The two areas that attracted the most attention by the UN/ Amnesty International human rights experts were Canada's record when it came to refugees and internally the manner in which we continue to discriminate against our First Nations people.
While politicians mouth the usual platitudes in support of refugees and First Nations their actions demonstrate the platitudes are nothing but a smoke screen.
On the refugee front Canada was, for decades, considered a safe harbour for those fleeing persecution from their countries of origin. Where the stateless once saw us as kind and benevolent, today refugees are routinely targeted and easily returned from whence they came.
Just a few weeks ago Jason Kenny, the Minister of Immigration saw fit to denote Hungary, amongst a number of EU countries, as a "designated safe country." The result of this move means that asylum seekers arriving from these "safe countries" have their claims fast tracked and the decision of the immigration adjudicators are final; no appeals to the process. Everyone knows this was put in place to deny access to Roma refugees from Hungary where they and other minorities, specifically Jews, face bigotry, discrimination and even death.
Incredibly the Canadian government has even gone to the extreme length of funding billboards in certain Hungarian cities with large Roma populations stating that the Canadian refugee system has changed recently: "Those people who make a claim without sound reasons will be processed faster and removed faster."
When the official opposition in Hungary, the fascist Jobbik party, appears to applaud neo-Nazi violence against Roma communities while demanding lists of Hungarian Jews one wonders how Canada sees Hungary as "safe."
And right here at home the UN and Amnesty International observers waste few words when it comes to the treatment of Canada's Aboriginal people.
According to the Amnesty report:
"By every measure, be it respect for treaty and land rights, levels of poverty, average life spans, violence against women and girls, dramatically disproportionate levels of arrest and incarceration or access to government services such as housing, health care, education, water and child protection, indigenous peoples across Canada continue to face a grave human rights crisis."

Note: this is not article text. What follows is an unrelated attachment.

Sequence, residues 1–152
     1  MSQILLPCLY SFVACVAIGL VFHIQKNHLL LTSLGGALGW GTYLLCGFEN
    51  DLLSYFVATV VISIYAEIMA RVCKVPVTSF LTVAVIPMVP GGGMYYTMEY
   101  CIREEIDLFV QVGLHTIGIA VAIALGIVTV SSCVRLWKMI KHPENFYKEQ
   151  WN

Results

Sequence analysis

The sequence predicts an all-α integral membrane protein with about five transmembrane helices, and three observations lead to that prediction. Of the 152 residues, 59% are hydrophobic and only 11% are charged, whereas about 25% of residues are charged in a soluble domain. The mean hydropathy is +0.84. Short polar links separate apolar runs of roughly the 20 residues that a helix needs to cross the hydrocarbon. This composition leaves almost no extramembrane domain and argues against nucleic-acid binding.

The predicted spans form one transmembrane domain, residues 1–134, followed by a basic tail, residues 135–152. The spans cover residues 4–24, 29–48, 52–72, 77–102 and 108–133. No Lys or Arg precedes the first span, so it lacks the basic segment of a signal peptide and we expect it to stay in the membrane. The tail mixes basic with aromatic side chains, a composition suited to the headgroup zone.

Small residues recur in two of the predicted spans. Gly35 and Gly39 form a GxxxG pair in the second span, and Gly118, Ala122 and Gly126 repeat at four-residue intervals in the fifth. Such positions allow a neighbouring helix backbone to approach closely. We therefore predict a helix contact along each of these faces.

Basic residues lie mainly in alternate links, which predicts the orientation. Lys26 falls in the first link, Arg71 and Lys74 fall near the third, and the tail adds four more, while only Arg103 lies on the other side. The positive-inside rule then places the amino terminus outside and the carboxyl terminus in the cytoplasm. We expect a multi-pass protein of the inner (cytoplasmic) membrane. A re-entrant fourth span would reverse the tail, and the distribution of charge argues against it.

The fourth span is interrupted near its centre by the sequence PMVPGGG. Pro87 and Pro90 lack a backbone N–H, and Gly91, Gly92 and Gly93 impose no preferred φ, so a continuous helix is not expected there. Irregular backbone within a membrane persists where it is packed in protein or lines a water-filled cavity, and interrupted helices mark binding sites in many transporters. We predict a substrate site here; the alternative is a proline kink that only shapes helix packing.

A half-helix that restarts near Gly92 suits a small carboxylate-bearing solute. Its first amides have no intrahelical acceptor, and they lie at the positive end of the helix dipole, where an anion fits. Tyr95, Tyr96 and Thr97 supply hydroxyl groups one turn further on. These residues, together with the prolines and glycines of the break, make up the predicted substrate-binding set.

While many criticized Attawapiskat Chief Theresa Spence who only recently ended her hunger strike, she undoubtedly shone the light of betrayal on the government's treatment of her people. The grassroots movement of young First Nations activists, IdleNoMore has grown out of her work and together with the more governance-minded and mainstream Assembly of First Nations action is finally underway.
And it's about time. Despite having a rich and intact cultural history, the standard of living on too many First Nations reserves is closer to Third World conditions than what Canadians would expect even for the most destitute in our society.
Unsafe housing with extensive black mould, dilapidated structures, rampant prescription narcotic drug abuse/addiction, interpersonal abuse, lack of primary healthcare, unsafe drinking water and waste treatment, near complete unemployment, lack of an identifiable economy, and a fundamental lack of hope permeates many First Nations reserves.
Having personally visited a number of Aboriginal communities, I remain convinced that if Canadians were able to spend even a few days on such a First Nations Reserve the outcry of anger and humiliation would lead toward change. Instead, we either choose wilful blindness or more to the point given that most of these reserves are so far from our consciousness the old adage "out of sight-out of mind" prevails.
As Canadians we consider ourselves to be open, honest -- a welcoming society. Yet for those from afar struggling to build a new life and for our First Nations right here struggling to change their lives for the better, that openness rings very hollow.